A taste of salt for corona research

Home test provides accurate information on loss of taste and smell.
These products help you test your sense of taste and smell. Photo: Coretta Jongeling

A COVID-19 infection may lead to all sorts of symptoms, ranging from a cough to diarrhoea. One of the most frequently reported symptoms, and thus an excellent indicator of the virus, is a sudden loss of taste and smell. Some two-thirds of all corona patients experience this symptom. Researchers at Human Nutrition and Health contributed to developing a home test to quantify this loss. We spoke to associate professor Sanne Boesveldt on the how and why of this test.


‘At the end of March, we launched an extensive study (in collaboration with the Global Consortium of Chemosensory Research) on the loss of taste and smell in relation to COVID-19,’ Boesveldt states. ‘We wanted to know how frequently this occurs, and how the complaints differ from, for example, a common cold.’ As a point of departure, an online survey was developed, available in over 30 different languages, which has currently been completed by some 50,000 participants.

Analysing the first data gave rise to more questions. How long do these symptoms persist, and how severe are they? And: how trustworthy are the results? Boesveldt: ‘In the survey, respondents assess their own taste and smell, and previous studies have shown self-assessment is not always dependable. Thus, we have developed a more objective home-test.’

That was far from easy. The test must be carried out across the globe, at home. ‘We looked for products that are widely available, and that people have in their homes.’ Shampoo, salt, spices, coffee and lemon juice, for example. These products must be smelled and sampled and assessed in terms of intensity. The results are then presented in a graph.

One of the test products: laundry detergent.
Photo: Coretta Jongeling


If you have a severe cold, you generally don’t smell all that much. What added value does this test have? Are people not able to judge whether they have lost their sense of smell? ‘When corona first appeared, we did not know much about the loss of smell and taste. It could develop slowly so that it goes unnoticed for a while. We are now aware that the loss of taste and smell develops very suddenly. But the symptoms can persist for a long time, so performing this test regularly helps assess possible improvements. The data are also relevant to our researchers, we want to know how long the symptoms persist, and what complaints people retain.’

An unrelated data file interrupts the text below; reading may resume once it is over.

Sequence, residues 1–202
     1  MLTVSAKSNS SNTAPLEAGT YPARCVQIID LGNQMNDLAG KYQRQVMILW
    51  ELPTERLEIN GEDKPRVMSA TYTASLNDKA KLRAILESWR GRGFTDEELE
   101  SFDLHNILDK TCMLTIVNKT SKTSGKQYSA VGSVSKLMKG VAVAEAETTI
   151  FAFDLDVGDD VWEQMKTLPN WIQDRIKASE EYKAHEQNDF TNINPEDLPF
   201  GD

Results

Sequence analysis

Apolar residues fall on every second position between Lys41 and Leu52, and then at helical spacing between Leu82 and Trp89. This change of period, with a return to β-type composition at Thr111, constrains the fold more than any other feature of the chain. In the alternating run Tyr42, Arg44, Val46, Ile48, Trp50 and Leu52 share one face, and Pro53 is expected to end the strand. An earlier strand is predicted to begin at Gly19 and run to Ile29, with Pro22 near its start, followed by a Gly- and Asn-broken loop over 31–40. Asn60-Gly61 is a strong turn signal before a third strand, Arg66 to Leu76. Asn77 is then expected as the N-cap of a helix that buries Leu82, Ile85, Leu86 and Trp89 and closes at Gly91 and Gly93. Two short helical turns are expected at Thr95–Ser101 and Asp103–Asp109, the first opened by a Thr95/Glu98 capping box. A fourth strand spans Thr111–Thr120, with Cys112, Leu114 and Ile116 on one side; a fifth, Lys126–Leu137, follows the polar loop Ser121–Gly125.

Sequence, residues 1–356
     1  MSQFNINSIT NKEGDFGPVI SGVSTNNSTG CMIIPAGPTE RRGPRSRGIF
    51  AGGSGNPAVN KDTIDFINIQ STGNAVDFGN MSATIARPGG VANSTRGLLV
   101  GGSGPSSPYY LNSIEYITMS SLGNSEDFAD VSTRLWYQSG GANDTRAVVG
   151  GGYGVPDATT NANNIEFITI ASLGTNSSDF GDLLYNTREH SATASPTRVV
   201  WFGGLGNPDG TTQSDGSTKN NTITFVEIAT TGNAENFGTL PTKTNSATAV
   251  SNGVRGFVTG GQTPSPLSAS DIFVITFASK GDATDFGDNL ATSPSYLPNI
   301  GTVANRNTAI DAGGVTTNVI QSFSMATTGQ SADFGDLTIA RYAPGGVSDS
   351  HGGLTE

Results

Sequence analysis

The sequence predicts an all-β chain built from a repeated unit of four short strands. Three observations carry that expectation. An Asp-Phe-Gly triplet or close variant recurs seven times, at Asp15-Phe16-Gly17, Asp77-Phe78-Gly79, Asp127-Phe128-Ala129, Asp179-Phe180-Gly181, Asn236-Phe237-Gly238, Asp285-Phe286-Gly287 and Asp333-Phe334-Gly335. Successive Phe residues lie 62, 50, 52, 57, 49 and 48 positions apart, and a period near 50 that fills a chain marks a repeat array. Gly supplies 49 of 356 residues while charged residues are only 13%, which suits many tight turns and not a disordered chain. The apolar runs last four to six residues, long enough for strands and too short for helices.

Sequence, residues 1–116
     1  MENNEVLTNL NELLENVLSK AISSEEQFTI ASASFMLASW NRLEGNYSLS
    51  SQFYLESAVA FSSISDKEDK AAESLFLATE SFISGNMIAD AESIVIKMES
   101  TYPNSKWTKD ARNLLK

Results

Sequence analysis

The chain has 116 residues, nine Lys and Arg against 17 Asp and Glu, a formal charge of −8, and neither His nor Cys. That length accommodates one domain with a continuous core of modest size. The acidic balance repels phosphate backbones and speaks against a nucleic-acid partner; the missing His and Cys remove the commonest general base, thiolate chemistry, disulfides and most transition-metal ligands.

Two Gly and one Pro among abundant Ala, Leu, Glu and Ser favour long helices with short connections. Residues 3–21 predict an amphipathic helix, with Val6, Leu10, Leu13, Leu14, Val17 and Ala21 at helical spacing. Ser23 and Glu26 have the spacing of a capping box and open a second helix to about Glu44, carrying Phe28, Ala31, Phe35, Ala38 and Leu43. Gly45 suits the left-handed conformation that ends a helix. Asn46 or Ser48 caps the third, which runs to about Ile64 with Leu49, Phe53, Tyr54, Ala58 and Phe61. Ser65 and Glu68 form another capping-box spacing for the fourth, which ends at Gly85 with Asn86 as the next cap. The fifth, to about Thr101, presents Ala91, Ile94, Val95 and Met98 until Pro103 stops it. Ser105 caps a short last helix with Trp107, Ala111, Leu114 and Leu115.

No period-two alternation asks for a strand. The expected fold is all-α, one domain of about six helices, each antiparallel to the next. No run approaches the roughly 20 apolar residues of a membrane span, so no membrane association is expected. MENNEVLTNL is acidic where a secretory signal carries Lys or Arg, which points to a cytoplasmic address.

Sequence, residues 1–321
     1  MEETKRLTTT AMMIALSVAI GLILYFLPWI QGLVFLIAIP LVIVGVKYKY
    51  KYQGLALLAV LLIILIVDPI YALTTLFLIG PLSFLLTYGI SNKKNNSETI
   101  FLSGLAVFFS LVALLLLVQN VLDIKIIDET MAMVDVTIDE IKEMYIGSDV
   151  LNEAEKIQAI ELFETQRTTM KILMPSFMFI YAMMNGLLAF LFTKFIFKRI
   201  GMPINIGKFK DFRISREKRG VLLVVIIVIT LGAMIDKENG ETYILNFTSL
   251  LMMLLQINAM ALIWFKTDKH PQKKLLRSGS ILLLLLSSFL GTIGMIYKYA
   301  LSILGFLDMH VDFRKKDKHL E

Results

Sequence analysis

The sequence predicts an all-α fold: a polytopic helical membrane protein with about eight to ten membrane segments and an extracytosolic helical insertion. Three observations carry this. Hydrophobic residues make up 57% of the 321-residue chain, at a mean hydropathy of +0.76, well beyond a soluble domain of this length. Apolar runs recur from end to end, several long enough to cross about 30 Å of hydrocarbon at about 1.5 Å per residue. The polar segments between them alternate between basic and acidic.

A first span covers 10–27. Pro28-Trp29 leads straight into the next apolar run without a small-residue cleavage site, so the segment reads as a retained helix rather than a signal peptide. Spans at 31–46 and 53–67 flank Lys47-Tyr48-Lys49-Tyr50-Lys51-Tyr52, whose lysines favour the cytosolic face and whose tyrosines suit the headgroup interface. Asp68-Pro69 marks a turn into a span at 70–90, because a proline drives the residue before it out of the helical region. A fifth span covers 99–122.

The results show that the loss of taste and smell from COVID-19 differs from the same issues as a result of the common cold or flu. In those cases, the nasal membranes are swollen and infected, which results in a limited airflow through the nose, reducing the sense of smell. ‘With corona, the loss of smell is not related to nasal congestion. This suggests there is a different mechanism behind this symptom. However, there is also a loss of taste, so that patients are less able to discern sweet, salt and bitter flavours, as well as spicy sensations.’

How (2)

How this works is not yet clear. That the virus latches on to the Ace-2 receptors is a known fact. Boesveldt: ‘these receptors are found inside the nose. They are not scent receptors, but in the cells that surround those receptors, a supporting cell. The virus affects these supporting cells, and, in doing so, effectively undermines the sense of smell.’ But why this effect can persist for such a long time is not known. ‘This applies to many long-term effects of COVID. It is new terrain, and we are constantly learning. In the beginning, I would tell patients: it will be over in two weeks. Time and the virus teach us that this is not the case. We have adjusted our own expectations and explanations as we go along.’

Test the test
As it happens, I have a cold (not corona!). So, I delve into my kitchen cabinets and grab a selection of things I can taste and smell. I do the test twice: once on Friday, while I still have a rather severe cold, and once on Monday, when I feel a bit better. Using the slider to indicate the intensity of the scent is quite challenging, but, because you taste and smell different products, it feels more accurate than having to assess how well you can smell in just one instance. Unsurprisingly, my sense of smell improved significantly, and I feel much better than before the weekend. My sense of taste has not changed much, in line with my own perception.

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